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From the Director’s Desk: Impatience can be good, and other words of wisdom

April 28, 2022

Recently, I had the honor of being asked to speak at the Quad Cities Business Journal’s inaugural event in our region, 90 ideas in 90 minutes. I, along with eight other speakers, were asked to share our 10 best ideas for the workplace, life and leadership. While you can read my 10 best ideas here, I wanted to highlight some of my biggest takeaways from this esteemed panel of leaders.

Millennials are impatient – and that’s a good thing. President Steve Bahls (Augustana College) noted that this age group, more than their predecessors, are impatient for change – whether it’s embracing diversity, demanding work-life balance, or focusing on the environment. Impatience for change can be a lightning rod for progress when people take action. I’m technically in this cohort and recognize this impatience in myself. I started the Illinois Airports Council because I was eager for change at the state level and wanted to target legislation that hinders airports’ ability to advance their work. Removing duplicative processes, questioning the status quo and finding ways to better collaborate with the state are just some of the ways I’m trying to put my impatience to good use on behalf of Illinois airports.

Make time to reflect (W. Kenny Massey, CEO, Modern Woodmen of America). This is hard for me as a father of three young kids, so it’s an important reminder that I must prioritize time to sit and reflect on my week. As an airport, we support commercial travel, general aviation, cargo, and an industrial park. More than 1,400 people come to work on airport property. In all the hustle and bustle, it’s tough for me to take time to reflect but I understand the value of making sure I’m still headed on a path that’s productive, healthy and meaningful.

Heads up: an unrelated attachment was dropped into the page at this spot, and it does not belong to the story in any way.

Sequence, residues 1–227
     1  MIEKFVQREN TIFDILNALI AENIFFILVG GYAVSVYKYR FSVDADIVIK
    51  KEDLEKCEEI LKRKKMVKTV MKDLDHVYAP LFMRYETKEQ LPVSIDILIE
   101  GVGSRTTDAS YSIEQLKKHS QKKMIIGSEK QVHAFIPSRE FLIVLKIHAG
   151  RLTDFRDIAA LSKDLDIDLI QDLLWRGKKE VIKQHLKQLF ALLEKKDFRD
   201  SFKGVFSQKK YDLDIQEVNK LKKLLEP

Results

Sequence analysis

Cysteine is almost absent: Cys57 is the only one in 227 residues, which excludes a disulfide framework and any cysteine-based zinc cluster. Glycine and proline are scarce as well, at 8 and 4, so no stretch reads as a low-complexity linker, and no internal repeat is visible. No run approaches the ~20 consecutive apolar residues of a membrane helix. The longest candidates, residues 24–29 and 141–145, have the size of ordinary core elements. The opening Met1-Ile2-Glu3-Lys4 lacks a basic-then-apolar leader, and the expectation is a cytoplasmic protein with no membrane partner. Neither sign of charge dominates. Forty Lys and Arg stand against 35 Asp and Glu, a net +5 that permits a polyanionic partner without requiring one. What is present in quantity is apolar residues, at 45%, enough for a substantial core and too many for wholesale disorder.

Having great ideas doesn’t make you an entrepreneur. (Jim Thomson, chairman, LandJet). Successful entrepreneurs go further than ideas – they take action. I believe that commercial space travel will happen in our lifetime and that the Quad Cities should be at the forefront by becoming a space port. I’ve shared this idea with pretty much anyone who will listen, including Illinois Governor J.B. Pritzker. Jim’s remarks made me take stock of what I’ve done to help move that idea forward so once I returned to my office, I started making calls. It’s a long road, but I’m committed to doing what I can to uphold the Quad Cities’ legacy of innovation in aviation.

Don’t be the smartest person in the room (Katie Castillo-Wilson, founder & CEO, TapOnIt). This resonated with me, as I like to joke that I don’t do much at the airport because I’ve got a team that handles everything. The truth is, if you surround yourself with bright, capable people, you become better as a result. If you’re always the smartest person in the room, there’s no opportunity for growth. The airport staff is lean but extremely effective. It starts with trust from the top down and a belief that you have the right people for the job. MLI is the community resource that it is because of smart, dedicated people and I’m just lucky to work with them.

One thing that all the panelists had in common was passion. I believe you should be passionate about your work – it keeps you fresh, sharp and invested in your industry. I started my career in aviation as a commercial pilot. I realized it wasn’t for me but the passion for aviation remained. I still fly for fun and introduce as many people as I can to flying. I want to see this industry thrive and that’s what fuels me – from working with elected officialspursuing new routesinvesting in our terminal and being an all-around advocate. My role as executive director is one I take seriously and requires every bit of experience I’ve gained over my career. If there’s one thing I want QC residents to know is that I want to see this airport thrive.

-Benjamin Leischner, A.A.E., Executive Director

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